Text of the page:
MILWAUKEE - The Nationals wake up this morning in first place in the National League East, 1 1/2 games up on the Braves, right where they were prior to the four-game set with Atlanta over the last handful of days.
Looking at the standings, it's as if those four games with the Braves never happened. But they did, and while the Nats just earned a split, it felt like more than that.
They had been pushed around by Atlanta over the last couple of seasons, including the first two games of that series. But to close things out by winning the last two games, getting strong starts from Doug Fister (who went eight tremendous innings on Saturday) and Tanner Roark (who worked his way through 5 1/3 innings of one-run ball on Sunday), the Nats walked onto the team plane last night feeling pretty good about how they'd been able to turn the tables on the Braves.
"That's obviously a really good team over there that has had our number last year and a half, two years," Ryan Zimmerman said after the game. "This is a step in the right direction."
Now, we'll see what the Nats can muster on a seven-game road trip that takes place in two cities over six days.
Three games await here in Milwaukee against a Brewers team that's a whopping 17 games over .500, has a surprising 5 1/2 game lead over the Cardinals in the National League Central and has the best record in the NL.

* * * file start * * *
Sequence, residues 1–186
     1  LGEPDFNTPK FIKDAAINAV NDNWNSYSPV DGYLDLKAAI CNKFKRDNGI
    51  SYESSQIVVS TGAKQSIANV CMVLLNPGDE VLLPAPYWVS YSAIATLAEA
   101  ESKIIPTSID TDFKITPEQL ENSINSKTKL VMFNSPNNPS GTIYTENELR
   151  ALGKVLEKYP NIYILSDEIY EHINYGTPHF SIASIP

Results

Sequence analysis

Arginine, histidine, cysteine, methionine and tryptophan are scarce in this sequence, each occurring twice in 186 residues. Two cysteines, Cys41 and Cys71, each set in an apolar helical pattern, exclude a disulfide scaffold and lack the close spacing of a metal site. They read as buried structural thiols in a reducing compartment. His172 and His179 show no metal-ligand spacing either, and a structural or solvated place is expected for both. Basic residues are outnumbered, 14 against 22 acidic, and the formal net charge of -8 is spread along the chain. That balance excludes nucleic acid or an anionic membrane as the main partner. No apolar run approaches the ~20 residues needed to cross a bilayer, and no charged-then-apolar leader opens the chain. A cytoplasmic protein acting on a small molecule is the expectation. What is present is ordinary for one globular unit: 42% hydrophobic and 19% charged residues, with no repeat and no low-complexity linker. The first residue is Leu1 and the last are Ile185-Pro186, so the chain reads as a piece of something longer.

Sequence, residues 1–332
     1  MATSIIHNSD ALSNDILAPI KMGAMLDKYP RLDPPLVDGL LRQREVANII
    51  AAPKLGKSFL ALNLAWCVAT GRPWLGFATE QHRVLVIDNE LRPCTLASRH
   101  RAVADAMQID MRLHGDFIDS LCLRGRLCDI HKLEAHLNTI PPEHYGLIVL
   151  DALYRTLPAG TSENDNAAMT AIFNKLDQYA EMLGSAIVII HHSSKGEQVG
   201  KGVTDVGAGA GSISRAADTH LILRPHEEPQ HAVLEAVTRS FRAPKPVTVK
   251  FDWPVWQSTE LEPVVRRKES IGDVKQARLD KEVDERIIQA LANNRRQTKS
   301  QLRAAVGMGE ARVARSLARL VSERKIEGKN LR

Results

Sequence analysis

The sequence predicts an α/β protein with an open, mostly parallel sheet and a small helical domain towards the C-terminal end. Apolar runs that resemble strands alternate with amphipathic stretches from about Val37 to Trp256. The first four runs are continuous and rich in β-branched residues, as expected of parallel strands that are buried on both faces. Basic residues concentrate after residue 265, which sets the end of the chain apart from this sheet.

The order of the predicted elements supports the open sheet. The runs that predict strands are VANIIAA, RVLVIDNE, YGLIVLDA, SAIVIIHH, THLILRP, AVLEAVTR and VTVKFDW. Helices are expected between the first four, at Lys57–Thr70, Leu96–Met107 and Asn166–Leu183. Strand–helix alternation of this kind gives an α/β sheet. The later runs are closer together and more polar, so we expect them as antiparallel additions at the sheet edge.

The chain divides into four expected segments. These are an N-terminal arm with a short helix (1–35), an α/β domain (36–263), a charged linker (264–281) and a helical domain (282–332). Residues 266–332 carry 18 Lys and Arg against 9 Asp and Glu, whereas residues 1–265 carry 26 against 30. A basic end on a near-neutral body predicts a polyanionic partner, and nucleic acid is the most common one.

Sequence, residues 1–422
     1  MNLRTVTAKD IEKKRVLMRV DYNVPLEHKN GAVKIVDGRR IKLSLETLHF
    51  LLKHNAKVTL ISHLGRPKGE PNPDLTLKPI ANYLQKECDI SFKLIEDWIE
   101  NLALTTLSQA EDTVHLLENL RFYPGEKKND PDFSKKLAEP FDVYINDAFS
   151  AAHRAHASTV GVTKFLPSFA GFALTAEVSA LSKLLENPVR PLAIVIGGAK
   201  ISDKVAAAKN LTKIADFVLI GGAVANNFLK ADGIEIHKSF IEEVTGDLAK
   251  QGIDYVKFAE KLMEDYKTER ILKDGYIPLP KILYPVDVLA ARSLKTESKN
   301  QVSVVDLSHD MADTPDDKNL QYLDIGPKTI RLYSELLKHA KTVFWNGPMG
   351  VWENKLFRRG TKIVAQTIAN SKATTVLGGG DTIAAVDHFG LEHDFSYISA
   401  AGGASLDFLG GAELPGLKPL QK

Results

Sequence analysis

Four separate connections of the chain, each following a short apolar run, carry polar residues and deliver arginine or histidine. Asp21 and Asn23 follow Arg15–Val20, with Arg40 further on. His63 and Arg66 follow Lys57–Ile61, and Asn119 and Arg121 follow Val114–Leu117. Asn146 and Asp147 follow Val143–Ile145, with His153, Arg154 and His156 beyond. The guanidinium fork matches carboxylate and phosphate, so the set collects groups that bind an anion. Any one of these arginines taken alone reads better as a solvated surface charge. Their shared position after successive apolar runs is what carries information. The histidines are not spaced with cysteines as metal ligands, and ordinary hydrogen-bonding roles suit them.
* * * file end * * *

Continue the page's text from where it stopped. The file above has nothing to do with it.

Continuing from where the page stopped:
It's been one test after another for the Nats the last couple of weeks, and this series certainly will tell us something about how this team stacks up against a red-hot Brewers squad that has solid pitching and can hit the heck out of the ball.
Milwaukee has scored the fourth-most runs in the majors (averaging 4.56 per game) and has the second-best team average and slugging percentage in the NL. Their outfielders have plenty of pop (Khris Davis, Carlos Gomez and Ryan Braun all have double-digit homers) and only two of their regular position players rate below-average in OPS-plus, the catch-all offensive metric that's adjusted to the player's ballpark.
After this three-game set in Milwaukee, the Nats head to Chicago for four games in three days. (The two teams have a rare scheduled doubleheader on Saturday due to a scheduling quirk.)
If you look at the standings, you might assume the Nats will be able to roll through the Cubs, but Chicago's record doesn't tell the full story.
The Cubs are 18-15 since May 17, and are starting to put things together. Those four games at Wrigley Field won't be a walk in the park.
There's no doubt that the Nats go into this road trip riding a bit of momentum. It was only two games, but picking up those two wins over Atlanta allowed the Nationals to forget about the head-to-head issues with the Braves for a bit and relocate their swagger.
They've gone 13-8 in their last 21 ballgames, still hold that 1 1/2 game lead in the division and are ready for this latest test on the road over the next week.